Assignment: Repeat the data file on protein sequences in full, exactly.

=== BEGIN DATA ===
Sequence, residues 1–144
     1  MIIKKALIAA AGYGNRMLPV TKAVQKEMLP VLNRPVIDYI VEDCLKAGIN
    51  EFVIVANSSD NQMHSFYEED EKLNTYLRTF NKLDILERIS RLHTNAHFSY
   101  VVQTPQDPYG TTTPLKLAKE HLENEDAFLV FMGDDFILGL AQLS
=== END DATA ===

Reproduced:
Sequence, residues 1–144
     1  MIIKKALIAA AGYGNRMLPV TKAVQKEMLP VLNRPVIDYI VEDCLKAGIN
    51  EFVIVANSSD NQMHSFYEED EKLNTYLRTF NKLDILERIS RLHTNAHFSY
   101  VVQTPQDPYG TTTPLKLAKE HLENEDAFLV FMGDDFILGL AQLS